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UNEP says working with faiths is "top of our priorities" in Africa

September 18, 2012:

UNEP director and Regional Representative, Mounkaila Goumandakoye

Working with religions will go to the top of United Nations Environment Program agenda in Africa, UNEP Regional Representative for Africa said today.

“I really realised, just coming this morning that we could be more successful, we could be more relevant to the needs and aspirations of the continent, we could have more impact in all African countries if we can work with you [the faiths] hand in hand,” said UNEP director and Regional Representative, Mounkaila Goumandakoye, speaking off the cuff at a gathering of more than 50 senior African faith leaders, launching 26 long-term environmental plans.

“And I think this is one area definitely that I will make sure we put it top of my priorities,” Mr Goumandakoye added.

The Christian, Muslim and Hindu traditions launching these strategic action plans represented more than 184 million followers in some of the most environmentally threatened parts of the planet.

They come from Cameroon, Ethiopia, Ghana, Kenya, Nigeria, Rwanda, South Africa, Tanzania, Uganda and Zimbabwe cover a wide range of ecological activities including planting millions of trees, setting up TV stations and programmes, holding Environment Days, making teaching of such subjects both widespread and interesting, and protecting local wildlife.

Dr Ali Mohamed, Permanent Secretary of the Ministry of Environment and Mineral Resources endorsed his belief in the key role religions should and can play in protecting the planet:

“We in the Ministry of Environment are particularly encouraged that an Alliance between religions and conservation exists to assist in the response to challenges of global environment,” he wrote in a statement read by his colleague Richard Mwendandu, Director of Multilateral Environmental Agreements, Ministry of Environment and Mineral Resources.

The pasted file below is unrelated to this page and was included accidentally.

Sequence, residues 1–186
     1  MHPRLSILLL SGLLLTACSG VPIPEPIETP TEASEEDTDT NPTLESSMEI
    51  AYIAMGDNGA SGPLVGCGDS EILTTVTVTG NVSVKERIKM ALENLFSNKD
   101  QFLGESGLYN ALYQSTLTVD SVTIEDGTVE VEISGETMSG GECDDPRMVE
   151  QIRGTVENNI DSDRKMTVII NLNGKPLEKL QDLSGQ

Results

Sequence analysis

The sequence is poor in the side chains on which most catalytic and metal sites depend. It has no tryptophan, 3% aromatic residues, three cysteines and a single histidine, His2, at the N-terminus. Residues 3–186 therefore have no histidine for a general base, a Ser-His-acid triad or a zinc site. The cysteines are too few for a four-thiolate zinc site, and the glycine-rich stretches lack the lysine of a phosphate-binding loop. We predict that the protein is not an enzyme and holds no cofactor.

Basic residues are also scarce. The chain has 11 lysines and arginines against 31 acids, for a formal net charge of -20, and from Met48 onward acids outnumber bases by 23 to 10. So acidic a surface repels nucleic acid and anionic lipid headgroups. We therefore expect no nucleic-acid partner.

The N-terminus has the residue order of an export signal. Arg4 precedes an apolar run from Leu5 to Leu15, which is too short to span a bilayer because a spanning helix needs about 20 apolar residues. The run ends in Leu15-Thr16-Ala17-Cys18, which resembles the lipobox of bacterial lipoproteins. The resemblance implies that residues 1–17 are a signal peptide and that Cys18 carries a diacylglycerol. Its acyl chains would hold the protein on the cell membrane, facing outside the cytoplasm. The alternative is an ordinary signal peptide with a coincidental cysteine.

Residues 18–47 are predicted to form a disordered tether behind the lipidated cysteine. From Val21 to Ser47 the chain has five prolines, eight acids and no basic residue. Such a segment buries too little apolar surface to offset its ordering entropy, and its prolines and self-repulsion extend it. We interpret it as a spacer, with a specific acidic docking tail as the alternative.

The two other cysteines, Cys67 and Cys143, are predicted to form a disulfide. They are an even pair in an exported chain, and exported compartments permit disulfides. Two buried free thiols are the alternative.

Tanzanian schoolchildren from the Evangelical Lutheran Church must plant ten trees before they can be confirmed.
“The basic tenet for all faiths is generally deep respect for God’s creations and the appreciation of the delicate balance and harmony that exist in the functioning of the universe as established by the Creator… To this end, Religious leaders and Environmental Ministries and Organisations are natural allies who should always work together,” the permanent secretary added.

“Maybe it’s a new awakening,” Mr Mwendandu said in an interview.

The faith plans have taken around 18 months to put together with the assistance of the UK-based Alliance of Religions and Conservation (ARC). This NGO was started by HRH Prince Philip in 1995 with the specific hope that faiths might help protect animal species from extinction – because protecting Creation is part of the teachings of each faith.

Acting Ambassador for Norway, Elin Bergithe Rognlie attended the launch. “The Alliance of Religions and Conservation provides an example for others to follow in a world too often marked by religious tension and conflicts,” she said.